in the room where it happens.

Two weeks ago, I participated in the American Society of Civil Engineers’ (ASCE) Legislative Fly-In as part of my role on ASCE’s Infrastructure and Research Policy Committee. I had been looking forward to this event for a while, partially because of my love for DC, but also because of the opportunity to participate in the policymaking process. While I expected the week to be exciting, I didn’t know it would be as inspiring and educational as it was.

So, here’s some background: every year, ASCE members (often section or branch leaders) from around the country fly to Washington, DC for two days. Tuesday afternoon and Wednesday morning are used as prep time for Wednesday afternoon’s meetings with Congressional Representatives and Senators (or more likely, their staff). This year, all 50 states were represented, and ASCE members had over 300 meetings with Congressional staff to discuss infrastructure policy. This year, specifically, our asks for Congress were to raise the gas tax, fully appropriate infrastructure programs that have already been authorized, and work towards a comprehensive infrastructure bill that would provided the much-needed funding to repair our nation’s infrastructure.

As I was sitting in the room with hundreds of other civil engineers and walking the halls of the House and Senate Buildings, I couldn’t help but think about how fitting the Fly-In was, given my recent experience at the NCSE conference in January. At the conclusion of that conference, I thought about my role as an engineer and citizen and what is required of me to help advance science and evidenced-based policy. I came up with two things: be a storyteller and demand more from my political leaders. And there I was, two months later, thinking of stories to tell about why infrastructure needs more funding and asking my representatives to take action NOW.

In our meetings with representatives from Colorado, I recognized that, while everyone agrees that infrastructure is important, and everyone wants to improve our nation’s infrastructure, how to fund it is a tumultuous question. Although raising the federal gas tax five cents a year for five years would cost the average car only about $150 per year, would provide critical stabilization for the Highway Trust Fund, and be easy to implement RIGHT NOW, there is considerable pushback against this idea. One of the arguments put forward against raising the gas tax is that it is not a long-term solution as cars become more fuel-efficient and more electric cars hit the road. While I agree that raising the gas tax might not be the best solution in thirty years, it is something we can do immediately to fund our transportation and transit systems. If my house was on fire and someone told me, ‘well, your house can catch fire again in ten years,’ would I not still put out the fire that was happening now?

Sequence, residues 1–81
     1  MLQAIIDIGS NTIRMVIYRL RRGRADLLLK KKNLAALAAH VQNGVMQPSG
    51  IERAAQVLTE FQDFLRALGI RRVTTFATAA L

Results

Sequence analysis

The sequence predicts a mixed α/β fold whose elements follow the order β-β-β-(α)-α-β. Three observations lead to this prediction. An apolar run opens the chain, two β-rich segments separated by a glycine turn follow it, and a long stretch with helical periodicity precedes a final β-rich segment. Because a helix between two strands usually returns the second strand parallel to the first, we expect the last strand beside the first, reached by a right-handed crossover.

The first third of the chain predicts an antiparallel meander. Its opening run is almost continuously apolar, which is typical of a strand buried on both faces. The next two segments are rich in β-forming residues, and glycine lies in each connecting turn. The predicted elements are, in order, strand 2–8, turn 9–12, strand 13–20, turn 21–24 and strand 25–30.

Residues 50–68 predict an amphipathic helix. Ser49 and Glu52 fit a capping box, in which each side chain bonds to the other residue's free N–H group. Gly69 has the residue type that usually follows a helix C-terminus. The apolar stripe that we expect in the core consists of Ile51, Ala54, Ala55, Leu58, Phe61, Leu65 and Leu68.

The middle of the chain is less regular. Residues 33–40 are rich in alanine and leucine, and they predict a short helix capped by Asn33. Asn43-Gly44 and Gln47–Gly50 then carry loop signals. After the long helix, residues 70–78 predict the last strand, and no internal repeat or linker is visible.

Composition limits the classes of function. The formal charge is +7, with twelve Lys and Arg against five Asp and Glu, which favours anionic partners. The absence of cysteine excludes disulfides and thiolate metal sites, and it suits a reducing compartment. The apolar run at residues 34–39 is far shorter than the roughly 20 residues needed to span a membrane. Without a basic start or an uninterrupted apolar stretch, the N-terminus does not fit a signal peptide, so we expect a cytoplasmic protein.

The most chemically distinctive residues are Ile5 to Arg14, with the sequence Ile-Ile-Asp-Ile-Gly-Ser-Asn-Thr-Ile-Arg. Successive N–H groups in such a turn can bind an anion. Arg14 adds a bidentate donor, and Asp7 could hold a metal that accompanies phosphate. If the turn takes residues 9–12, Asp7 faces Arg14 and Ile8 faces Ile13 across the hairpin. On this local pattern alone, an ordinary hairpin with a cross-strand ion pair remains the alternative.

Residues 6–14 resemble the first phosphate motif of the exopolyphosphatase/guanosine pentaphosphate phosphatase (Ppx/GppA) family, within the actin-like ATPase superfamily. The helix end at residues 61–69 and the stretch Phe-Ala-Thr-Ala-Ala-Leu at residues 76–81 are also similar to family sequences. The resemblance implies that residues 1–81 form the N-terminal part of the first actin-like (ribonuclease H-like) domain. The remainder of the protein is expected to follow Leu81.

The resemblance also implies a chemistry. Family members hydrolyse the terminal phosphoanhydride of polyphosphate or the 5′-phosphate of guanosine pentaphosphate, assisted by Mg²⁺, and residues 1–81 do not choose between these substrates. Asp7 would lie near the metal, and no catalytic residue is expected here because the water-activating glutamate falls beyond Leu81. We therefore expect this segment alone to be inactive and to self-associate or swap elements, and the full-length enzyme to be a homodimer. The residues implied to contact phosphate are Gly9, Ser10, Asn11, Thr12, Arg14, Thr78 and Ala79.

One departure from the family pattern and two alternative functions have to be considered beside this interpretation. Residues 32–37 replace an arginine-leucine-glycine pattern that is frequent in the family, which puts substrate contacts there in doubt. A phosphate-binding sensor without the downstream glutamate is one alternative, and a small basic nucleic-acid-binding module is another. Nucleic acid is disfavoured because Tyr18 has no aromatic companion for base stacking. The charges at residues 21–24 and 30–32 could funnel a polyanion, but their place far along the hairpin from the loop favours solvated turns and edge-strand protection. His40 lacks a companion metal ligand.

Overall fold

And this brings me to my final realization after the NCSE Conference – policymakers have to innovate. They have to have the courage to do solve the problems in front of them and find new ways to tackle problems in the future. Someone has to show up to advocate for funding our infrastructure now and they have to continue to show up to find new, sustainable ways to fund infrastructure in the future. ASCE has given our infrastructure a D+ (side note: isn’t the infrastructure report card a wonderful storytelling tool?!) and this is not going to magically improve. It will take innovation. It will take courage. It will take working across party lines. And it will require that as engineers we also demand more.

Another part of my week in DC was spent in my policy committee meeting. In this meeting we reviewed a handful of ASCE’s policy statements and concluded our meeting by reviewing a policy statement on post-disaster reconstruction of infrastructure (quite relevant to my research area). While I, and many others, were advocating for a policy statement that recommends building back to a better, more resilient state than what existed before a disaster, the question was raised, “well, isn’t that a political decision? As engineers, our job is not to determine the appropriate level of risk, but to design and construct systems that withstand the level of risk determined by politicians and communities.” And I have to say, that statement has stuck with and troubled me. As civil engineers, our job is to hold paramount the safety, health, and welfare of the public, and does this not mean designing more resilient infrastructure to prevent future disasters? Are we not also responsible for educating the public on the expected disaster risks and advocating for better, safer infrastructure? Do we need to innovate our profession so that future civil engineers consider this to be their responsibility too?


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